Column: Dayna Bochco, the orca protector


SeaWorld’s attendance has been nose-diving like an orca since a 2013 documentary, “Blackfish,” generated waves of criticism about the park’s treatment of killer whales. Now SeaWorld says it will remake its orca show by 2017 — fewer theatrics, more nature. No matter, Rep. Adam Schiff (D-Burbank) is still planning to introduce a bill that would put an end to orcas living in captivity in the U.S. It may have been the California Coastal Commission that precipitated these moves. The commission voted in October to let SeaWorld build a new, improved orca tank for its shows in San Diego, on the condition that it end breeding killer whales in California and importing them. Dayna Bochco, an attorney, Heal the Bay board member, TV producer and Coastal Commission member, says she never saw “Blackfish.” But it was her amendment that ultimately could phase out captive orcas in San Diego.

This wasn’t about exerting power; this was about what the law allows us to do and what’s the right thing to do.

What made you conclude that the commission had the authority to order an end to captive breeding at SeaWorld?


The answer came from an enormous amount of research on my part after reading the staff report explaining how the federal laws [do] not preempt us in this. In 1994, SeaWorld was one of the main lobbyists [to get] the captivity of marine mammals exempted from the Marine Mammal Protection Act.

SeaWorld kept saying during the hearing, “You guys can’t do this because it’s [regulated] under the MMPA,” and it clearly isn’t so.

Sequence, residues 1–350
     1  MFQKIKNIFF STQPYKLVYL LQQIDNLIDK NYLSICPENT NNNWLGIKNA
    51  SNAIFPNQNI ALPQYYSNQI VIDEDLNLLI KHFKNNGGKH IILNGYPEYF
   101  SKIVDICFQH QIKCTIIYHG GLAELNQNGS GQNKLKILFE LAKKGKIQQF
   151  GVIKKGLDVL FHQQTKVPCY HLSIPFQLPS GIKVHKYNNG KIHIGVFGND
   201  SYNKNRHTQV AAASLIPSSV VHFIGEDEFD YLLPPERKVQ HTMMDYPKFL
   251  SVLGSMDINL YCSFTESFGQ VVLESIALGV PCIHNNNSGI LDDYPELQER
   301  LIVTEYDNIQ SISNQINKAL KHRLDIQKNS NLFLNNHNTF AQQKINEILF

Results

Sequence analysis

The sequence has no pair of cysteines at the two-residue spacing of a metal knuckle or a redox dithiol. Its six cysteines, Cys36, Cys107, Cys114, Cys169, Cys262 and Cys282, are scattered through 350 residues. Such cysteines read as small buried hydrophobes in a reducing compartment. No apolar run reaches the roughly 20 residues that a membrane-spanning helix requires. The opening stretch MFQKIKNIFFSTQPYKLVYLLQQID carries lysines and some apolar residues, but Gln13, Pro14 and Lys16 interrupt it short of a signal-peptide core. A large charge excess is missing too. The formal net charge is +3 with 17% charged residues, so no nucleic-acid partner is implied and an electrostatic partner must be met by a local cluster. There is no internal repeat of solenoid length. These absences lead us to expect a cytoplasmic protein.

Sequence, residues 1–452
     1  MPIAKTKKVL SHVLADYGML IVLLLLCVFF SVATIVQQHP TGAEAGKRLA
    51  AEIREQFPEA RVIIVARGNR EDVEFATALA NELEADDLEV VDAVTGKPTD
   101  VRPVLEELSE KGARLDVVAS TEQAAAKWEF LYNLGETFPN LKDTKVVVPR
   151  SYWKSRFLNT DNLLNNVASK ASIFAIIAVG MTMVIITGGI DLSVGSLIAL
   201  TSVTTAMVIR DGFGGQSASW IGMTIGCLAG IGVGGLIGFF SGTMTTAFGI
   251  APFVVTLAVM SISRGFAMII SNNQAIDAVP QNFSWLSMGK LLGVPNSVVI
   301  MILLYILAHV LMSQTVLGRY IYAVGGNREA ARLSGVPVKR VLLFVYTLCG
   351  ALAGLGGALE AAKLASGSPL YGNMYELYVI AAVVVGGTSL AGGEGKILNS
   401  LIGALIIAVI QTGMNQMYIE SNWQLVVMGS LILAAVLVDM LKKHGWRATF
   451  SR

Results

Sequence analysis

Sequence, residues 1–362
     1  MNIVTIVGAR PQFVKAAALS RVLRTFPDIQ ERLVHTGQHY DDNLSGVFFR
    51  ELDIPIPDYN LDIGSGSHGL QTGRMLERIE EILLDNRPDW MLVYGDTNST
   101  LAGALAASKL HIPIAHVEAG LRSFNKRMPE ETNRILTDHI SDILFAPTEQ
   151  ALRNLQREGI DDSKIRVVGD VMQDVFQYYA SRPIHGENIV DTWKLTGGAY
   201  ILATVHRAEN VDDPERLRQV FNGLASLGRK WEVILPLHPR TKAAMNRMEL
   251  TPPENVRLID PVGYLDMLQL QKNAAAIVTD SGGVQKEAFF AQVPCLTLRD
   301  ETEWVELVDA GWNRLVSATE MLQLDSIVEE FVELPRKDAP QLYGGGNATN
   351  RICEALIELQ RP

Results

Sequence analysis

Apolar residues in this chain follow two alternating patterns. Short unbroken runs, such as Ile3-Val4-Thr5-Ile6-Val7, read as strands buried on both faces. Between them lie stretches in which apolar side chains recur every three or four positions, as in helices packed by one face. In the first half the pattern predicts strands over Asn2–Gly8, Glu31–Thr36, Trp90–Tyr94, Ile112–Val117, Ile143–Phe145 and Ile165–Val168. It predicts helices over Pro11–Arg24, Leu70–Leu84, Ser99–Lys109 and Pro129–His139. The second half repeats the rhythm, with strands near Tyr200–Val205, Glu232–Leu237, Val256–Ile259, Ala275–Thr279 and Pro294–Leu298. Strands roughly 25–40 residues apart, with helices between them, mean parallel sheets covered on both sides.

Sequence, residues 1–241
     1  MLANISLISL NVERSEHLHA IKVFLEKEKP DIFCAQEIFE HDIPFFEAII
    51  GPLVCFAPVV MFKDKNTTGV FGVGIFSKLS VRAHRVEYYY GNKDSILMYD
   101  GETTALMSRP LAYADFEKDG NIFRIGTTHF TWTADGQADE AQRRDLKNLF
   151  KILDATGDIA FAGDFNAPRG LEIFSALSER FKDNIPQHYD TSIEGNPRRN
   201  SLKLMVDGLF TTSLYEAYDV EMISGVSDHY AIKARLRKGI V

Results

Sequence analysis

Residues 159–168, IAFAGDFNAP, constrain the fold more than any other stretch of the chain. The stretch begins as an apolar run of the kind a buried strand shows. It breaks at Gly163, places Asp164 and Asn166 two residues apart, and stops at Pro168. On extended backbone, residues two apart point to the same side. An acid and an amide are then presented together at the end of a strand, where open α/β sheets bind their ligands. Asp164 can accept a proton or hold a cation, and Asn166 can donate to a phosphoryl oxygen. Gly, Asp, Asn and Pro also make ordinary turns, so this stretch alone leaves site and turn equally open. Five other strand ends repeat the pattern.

There’s an argument, including in an L.A. Times editorial, that the Coastal Commission only has jurisdiction over the orca’s living space.

That’s not true. We absolutely have jurisdiction.

There was a case in 2002 where Sea World was building a kind of roller coaster right next to the dolphin tank, and the commission put conditions in the approval that the noise would in no way be disturbing to the dolphins. That’s what we do.

Land use is one part of our job, but we also have a great responsibility to these sensitive species. So when someone wants to develop something, and we see that it’s going to interfere with sensitive habitat, we say no. That’s what’s going on here.

This wasn’t about exerting power; this was about what the law allows us to do and what’s the right thing to do.

The 11 whales in San Diego are the only ones we took jurisdiction over. We decided they should no longer be allowed to breed these whales, so the 11 in San Diego would be the last 11 at this SeaWorld facility.

We did this because there is no way to prevent the taking of a wild whale somewhere else and putting it in captivity, [or] taking sperm to artificially inseminate captive whales with wild whales.

[The United States has not issued a permit for taking a wild orca since 1989, but other countries do. SeaWorld does not capture wild whales.]

SeaWorld to their credit said, “We don’t do that; we won’t use any wild genetic material, we’ll only use [genetic material] from captive whales.” We felt that this still did not cut the chain from the wild to captivity.

Did you know much about captive killer whales before this case?

I didn’t have an opinion going in; I haven’t been to SeaWorld in probably 30 years. But I grew up in San Diego, so I’m certainly aware of it. After reading the staff report that a larger pool is far better, that seemed fair to me. Then, as part of our job, we take in information from both sides. We got a lot from SeaWorld, how they take care of these animals. [We] talked to people opposed to this project, environmental groups but in particular a number of marine scientists. The scientists said of any species to be kept in captivity, this is probably the worst.